THE BNF DEFICIT
from Unfaves 2001, Blissout
by Simon Reynolds
The greater part of the work being done today--musically, critically -- strikes me as gap-filling. A band like Clinic, for instance, have found this tiny strip of terrain to call their own, a thin patch of sonic possibility bordered on every side by precursors who enjoyed much more room to manoevre. Now, you might feel inclined to lend Clinic your support, praise them for doing the best they can in a tricky predicament. Or you might feel inclined to turn away with a soft sad shake of the head, wondering how people can get worked up over such miniscule increments of novelty.
It's probably a generational thing: if you came of age in an era of Giant Steps and Bold New Formulations (BNFs), the present age with its micro-genres and Next Medium-Sized Things is going to be increasingly frustrating. People born after, say, 1977, of necessity have grown up with a more detail-oriented appreciation of smaller measures of innovation and idiosyncracy. One thing's clear: whoever comes in the wake of Clinic will have an even more circumscribed space in which to operate.
The same syndrome applies to ideas-about-music. When was the last BNF? By my count, nearly five years ago, with Kodwo Eshun's More Brilliant Than The Sun. Before that you'd have to go back to the turn of the Nineties, and Joe Carducci's Rock and the Pop Narcotic. Before that, the approach and sensibility hatched by Chuck Eddy and Frank Kogan in the late Eighties. Before that, the BNF's start coming too thick and fast to enumerate. This suggests that thinking-about-music parallels music-making: a sort of thermodynamic model that starts with a Big Bang and a flaming surge of creation, Giant Steps and BNF's galore. The possibilities for formal breakthroughs and striking Thought-Stances get progressively used up as time goes by, though. It's getting mighty crowded out there: more and more folk chasing smaller and smaller options. From galaxies to solar systems, from planets to space-dust.
The non-appearance of BNFs isn't due to a deficit of capability (there's more than enough brain-power out there). Is it just a lack of will-to-power and sheer determination, then? Or are people simply no longer interested in making that kind of totalizing macro-approach, find it unseemly or naff or just uncalled-for nowadays (these times of smaller shifts and evolution-not-revolution). Perhaps it's simply that there's nothing around musically/subculturally that would warrant and justify such an effort (with all its risks of making a fool of yourself).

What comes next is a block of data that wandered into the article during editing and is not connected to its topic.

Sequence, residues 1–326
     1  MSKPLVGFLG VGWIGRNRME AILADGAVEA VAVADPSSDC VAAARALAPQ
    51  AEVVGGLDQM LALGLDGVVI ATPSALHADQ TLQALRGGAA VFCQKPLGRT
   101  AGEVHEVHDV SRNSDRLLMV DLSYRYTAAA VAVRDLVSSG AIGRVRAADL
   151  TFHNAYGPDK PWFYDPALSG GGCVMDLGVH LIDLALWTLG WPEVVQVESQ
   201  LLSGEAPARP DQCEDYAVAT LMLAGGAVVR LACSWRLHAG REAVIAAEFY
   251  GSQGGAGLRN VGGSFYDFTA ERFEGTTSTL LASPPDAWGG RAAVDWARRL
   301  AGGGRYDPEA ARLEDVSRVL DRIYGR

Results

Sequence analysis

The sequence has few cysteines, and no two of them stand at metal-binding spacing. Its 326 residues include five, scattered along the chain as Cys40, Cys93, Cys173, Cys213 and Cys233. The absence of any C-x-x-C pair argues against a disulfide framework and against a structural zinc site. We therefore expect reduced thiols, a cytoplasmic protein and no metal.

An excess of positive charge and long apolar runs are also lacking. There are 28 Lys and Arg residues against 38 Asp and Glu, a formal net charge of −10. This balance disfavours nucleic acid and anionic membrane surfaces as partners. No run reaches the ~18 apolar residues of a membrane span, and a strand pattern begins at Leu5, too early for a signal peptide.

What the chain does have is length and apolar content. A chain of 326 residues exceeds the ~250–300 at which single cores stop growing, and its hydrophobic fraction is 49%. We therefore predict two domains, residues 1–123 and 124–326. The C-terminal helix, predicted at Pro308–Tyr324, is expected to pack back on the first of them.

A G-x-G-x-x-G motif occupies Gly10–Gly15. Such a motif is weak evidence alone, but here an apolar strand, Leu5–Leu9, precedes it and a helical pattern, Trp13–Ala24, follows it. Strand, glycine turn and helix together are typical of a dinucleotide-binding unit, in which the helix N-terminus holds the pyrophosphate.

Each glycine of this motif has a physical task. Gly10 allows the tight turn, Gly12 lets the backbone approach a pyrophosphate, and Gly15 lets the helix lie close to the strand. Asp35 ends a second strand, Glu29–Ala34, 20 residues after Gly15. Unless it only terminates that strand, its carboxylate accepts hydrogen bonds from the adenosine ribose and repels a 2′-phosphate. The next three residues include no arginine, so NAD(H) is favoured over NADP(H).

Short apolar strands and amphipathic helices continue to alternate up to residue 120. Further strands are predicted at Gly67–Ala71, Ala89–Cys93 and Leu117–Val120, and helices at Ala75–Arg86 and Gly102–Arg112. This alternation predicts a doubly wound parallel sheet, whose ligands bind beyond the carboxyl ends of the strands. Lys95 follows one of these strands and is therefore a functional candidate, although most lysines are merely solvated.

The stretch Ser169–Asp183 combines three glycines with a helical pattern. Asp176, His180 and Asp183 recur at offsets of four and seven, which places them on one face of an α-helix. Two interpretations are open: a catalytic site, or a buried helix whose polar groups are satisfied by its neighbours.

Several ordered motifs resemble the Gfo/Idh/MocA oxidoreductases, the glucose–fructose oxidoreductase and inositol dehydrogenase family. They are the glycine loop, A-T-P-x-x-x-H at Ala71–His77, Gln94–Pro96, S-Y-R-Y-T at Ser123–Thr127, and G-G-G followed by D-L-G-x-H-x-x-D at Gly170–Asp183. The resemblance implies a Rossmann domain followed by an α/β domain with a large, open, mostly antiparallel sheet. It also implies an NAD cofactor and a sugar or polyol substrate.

For there's a grandiosity to the BNF; unconsciously, perhaps, the formulator is asking for the edifice to be torn down, its unsound foundations exposed. All BNF's are lopsided, and some are more wrong than right. But I can't help but admire the determination and guts that go into their construction, appreciate the starkness of intellectual contour. A prime example is More Brilliant Than The Sun, much of which I disagree with but which I can only salute as a heroic contribution to the, erm, dialectic. As with Carducci's BNF (whose premises I ultimately reject) the sheer contentiousness of More Brilliant is hugely valuable and galvanizing---responding to its challenges has sharpened up my own thinking no end.
It is disheartening that in five years since its publication, no one, to my knowledge, in the English-speaking world has mustered the resources of hubris and gall to attempt something of similar scope and ambition.
BNFs tend not be genial things, of course. There's an aggressive aspect, a tyrannical impulse (this sort of book is often praised along the lines of "it will change the way you think about XXX forever", which, if you think about it, is a rather despotic ambition: a putsch on people's minds!). The formulator usually wishes, implicitly or explicitly, to invalidate all other ways of looking at stuff. And every BNF becomes a set of blinkers, blinding its creator to new possibilities, unforeseen pleasures, unexpected shifts; the cardinal blunder of looking in the same place for your rapture/rupture. Pop music's protean on-rush will always outwit, outflank, outmode every BNF, leave this monument of thought standing there looking slightly ludicrous; stranded, no longer applicable to the new conditions.
Perhaps we are better off without BNFs, better off finding more affable, humble, non-polarising ways of looking at pop. As someone who gets off on messianic fervour, though, I can't help finding this kind of unassuming approach ultimately lacking some vital buzz-factor: it's too mild in temperament and temperature. Where's the fiyah?